BENIGN TUMORS OF THE UTERUS:FIBROIDS (LEIOMYOMAS, MYOMAS)
Myomatous or fibroid tumors of the uterus are estimated to occur in 25% of women over age 30. Some women are geneti-cally predisposed. They are a common reason for hysterectomy as they often result in menorrhagia that can be difficult to control. They arise from the muscle tissue of the uterus and can be found in the lining (intracavitary), muscle wall (intramural), and out-side surface (serosal) of the uterus. They develop slowly in women between the ages of 25 and 40 and may become large. Fibroids may cause no symptoms, or they may produce abnormal vaginal bleeding. Other symptoms are due to pressure on the surround-ing organs and include pain, backache, constipation, and urinary problems. Menorrhagia (excessive bleeding) and metrorrhagia (irregular bleeding) may occur because fibroids may distort the uterine lining (Fig. 47-7).
The treatment of uterine fibroids depends to a large extent on their size, symptoms, and location. The patient with minor symp-toms is closely monitored. If she plans to have children, treatment is as conservative as possible. As a rule, large tumors that produce pressure symptoms should be removed (myomectomy). The uterus may be removed (hysterectomy) if symptoms are bother-some and childbearing is completed (see later discussion of nursing care for a patient having a hysterectomy).
Several other alternatives to hysterectomy have been devel-oped for the treatment of excessive bleeding due to fibroids. These include:
· Hysteroscopic resection of myomas: a laser is used through a hysteroscope passed through the cervix; no incision or overnight stay is needed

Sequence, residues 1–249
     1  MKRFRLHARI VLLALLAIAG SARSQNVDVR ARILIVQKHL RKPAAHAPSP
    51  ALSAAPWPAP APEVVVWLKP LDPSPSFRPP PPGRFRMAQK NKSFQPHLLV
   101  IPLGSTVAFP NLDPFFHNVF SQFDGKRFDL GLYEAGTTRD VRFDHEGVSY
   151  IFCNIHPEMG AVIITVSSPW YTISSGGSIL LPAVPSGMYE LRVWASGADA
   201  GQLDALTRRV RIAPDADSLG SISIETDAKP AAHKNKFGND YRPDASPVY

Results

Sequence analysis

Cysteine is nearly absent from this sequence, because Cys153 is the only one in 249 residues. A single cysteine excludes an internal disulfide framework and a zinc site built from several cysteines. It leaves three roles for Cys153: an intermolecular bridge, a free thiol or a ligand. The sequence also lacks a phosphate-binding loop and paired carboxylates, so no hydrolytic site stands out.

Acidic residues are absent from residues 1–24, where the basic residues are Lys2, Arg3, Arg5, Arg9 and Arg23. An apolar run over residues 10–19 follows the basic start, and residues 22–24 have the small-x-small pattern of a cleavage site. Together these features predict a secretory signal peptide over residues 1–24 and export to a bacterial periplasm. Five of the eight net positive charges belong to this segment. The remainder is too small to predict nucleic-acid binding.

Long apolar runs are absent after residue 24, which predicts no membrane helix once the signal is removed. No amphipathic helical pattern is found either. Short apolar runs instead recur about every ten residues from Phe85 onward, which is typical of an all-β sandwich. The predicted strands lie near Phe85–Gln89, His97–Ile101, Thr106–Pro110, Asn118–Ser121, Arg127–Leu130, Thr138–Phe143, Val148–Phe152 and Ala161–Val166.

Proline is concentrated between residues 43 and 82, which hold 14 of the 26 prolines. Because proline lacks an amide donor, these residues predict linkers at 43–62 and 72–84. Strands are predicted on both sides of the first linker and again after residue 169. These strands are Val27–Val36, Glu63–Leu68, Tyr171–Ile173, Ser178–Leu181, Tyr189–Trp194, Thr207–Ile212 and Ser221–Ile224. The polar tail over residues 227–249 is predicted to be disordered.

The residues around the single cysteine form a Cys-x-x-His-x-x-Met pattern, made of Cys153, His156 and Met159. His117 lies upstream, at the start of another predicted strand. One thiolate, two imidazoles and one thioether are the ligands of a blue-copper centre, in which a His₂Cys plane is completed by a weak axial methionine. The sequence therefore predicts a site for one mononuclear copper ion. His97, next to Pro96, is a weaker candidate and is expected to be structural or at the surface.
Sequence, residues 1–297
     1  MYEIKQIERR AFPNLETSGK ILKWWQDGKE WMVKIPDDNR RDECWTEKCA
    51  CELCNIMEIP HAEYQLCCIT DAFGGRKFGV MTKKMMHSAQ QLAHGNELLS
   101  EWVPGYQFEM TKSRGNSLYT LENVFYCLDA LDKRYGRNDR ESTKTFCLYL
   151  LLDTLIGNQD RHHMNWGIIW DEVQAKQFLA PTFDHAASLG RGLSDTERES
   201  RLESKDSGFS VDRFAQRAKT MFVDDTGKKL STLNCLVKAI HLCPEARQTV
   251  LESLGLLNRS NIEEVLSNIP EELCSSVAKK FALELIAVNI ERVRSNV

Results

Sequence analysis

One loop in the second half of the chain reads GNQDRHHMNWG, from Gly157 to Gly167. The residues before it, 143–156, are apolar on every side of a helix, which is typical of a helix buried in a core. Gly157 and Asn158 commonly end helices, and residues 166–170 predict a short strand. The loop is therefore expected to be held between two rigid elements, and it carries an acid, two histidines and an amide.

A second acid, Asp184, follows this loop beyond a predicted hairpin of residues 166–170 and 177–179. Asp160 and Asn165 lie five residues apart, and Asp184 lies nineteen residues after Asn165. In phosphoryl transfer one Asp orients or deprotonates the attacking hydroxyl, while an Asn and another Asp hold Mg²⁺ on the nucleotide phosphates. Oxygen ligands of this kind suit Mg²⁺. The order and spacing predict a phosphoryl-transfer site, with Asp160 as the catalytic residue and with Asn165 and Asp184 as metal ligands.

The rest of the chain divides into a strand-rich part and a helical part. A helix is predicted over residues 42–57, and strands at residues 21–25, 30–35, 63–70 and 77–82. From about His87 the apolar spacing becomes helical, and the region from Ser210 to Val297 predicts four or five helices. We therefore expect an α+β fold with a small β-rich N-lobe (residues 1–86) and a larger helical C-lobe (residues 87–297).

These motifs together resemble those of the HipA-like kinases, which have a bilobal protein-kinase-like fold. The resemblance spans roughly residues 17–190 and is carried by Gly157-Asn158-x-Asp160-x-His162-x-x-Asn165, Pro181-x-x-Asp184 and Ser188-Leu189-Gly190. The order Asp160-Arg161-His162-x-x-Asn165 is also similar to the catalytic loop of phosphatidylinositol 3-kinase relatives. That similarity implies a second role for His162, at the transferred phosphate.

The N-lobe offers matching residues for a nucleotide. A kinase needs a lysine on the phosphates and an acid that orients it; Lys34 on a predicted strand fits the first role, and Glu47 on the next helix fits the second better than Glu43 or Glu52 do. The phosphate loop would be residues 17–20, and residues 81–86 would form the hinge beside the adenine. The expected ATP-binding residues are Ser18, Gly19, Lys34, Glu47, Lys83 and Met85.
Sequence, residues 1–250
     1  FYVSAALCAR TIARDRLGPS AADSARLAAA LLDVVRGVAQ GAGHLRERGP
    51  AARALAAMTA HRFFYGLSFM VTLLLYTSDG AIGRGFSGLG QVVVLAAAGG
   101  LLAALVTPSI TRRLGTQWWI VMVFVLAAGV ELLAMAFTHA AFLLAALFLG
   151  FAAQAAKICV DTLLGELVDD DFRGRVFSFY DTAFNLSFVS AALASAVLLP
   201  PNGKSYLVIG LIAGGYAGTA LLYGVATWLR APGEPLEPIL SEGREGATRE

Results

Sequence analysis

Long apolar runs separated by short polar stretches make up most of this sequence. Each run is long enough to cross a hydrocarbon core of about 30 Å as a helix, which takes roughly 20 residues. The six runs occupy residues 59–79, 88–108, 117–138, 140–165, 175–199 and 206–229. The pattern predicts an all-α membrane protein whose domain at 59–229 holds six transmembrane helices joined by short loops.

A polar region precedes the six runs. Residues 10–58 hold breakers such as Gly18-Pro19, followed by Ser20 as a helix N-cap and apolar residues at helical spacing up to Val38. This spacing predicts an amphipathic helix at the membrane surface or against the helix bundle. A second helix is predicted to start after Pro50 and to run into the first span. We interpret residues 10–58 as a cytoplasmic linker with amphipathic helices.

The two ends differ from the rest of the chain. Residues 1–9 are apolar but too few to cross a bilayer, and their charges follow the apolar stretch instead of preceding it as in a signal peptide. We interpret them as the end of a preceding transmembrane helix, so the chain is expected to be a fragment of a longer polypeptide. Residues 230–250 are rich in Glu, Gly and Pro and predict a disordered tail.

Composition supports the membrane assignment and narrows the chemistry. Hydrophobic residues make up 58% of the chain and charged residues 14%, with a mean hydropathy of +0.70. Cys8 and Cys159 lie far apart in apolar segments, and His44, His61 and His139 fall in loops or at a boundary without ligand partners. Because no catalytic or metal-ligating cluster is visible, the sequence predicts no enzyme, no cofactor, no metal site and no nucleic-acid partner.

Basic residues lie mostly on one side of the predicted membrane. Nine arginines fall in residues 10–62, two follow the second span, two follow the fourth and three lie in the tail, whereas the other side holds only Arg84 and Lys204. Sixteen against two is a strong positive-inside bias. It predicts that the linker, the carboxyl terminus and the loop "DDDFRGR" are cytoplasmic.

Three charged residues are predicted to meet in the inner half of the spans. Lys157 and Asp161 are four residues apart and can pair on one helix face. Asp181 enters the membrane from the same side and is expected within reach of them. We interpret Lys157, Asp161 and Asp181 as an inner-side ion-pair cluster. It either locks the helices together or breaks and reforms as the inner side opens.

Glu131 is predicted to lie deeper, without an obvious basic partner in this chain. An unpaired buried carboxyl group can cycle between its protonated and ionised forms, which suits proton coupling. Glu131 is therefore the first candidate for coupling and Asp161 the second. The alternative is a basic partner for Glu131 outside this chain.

· Laparoscopic myomectomy: removal of a fibroid through a laparoscope inserted through a small abdominal incision
· Laparoscopic myolysis: a laser or electrical needles are used to cauterize and shrink the fibroid
· Laparoscopic cryomyolysis: electric current is used to coag-ulate the fibroid
· Uterine artery embolization: polyvinyl alcohol particles are injected into the blood vessels that supply the fibroid, shrinking it; this procedure may result in serious complica-tions such as pain, infection, and bleeding
Fibroids usually shrink and disappear during menopause, when estrogen is no longer produced. Medications (eg, leupro-lide [Lupron]) or other GnRH analogs that induce medical menopause may be prescribed to shrink the tumors. This treat-ment consists of monthly injections, which may cause hot flashes and vaginal dryness. This treatment is usually short term (ie, be-fore surgery) to shrink the fibroids, allowing easier surgery, and to alleviate anemia, which may coexist due to heavy menstrual flow. Antifibrotic agents are under investigation for long-term treatment of fibroids. Mifepristone (RU 486), a progesterone an-tagonist, has also been prescribed.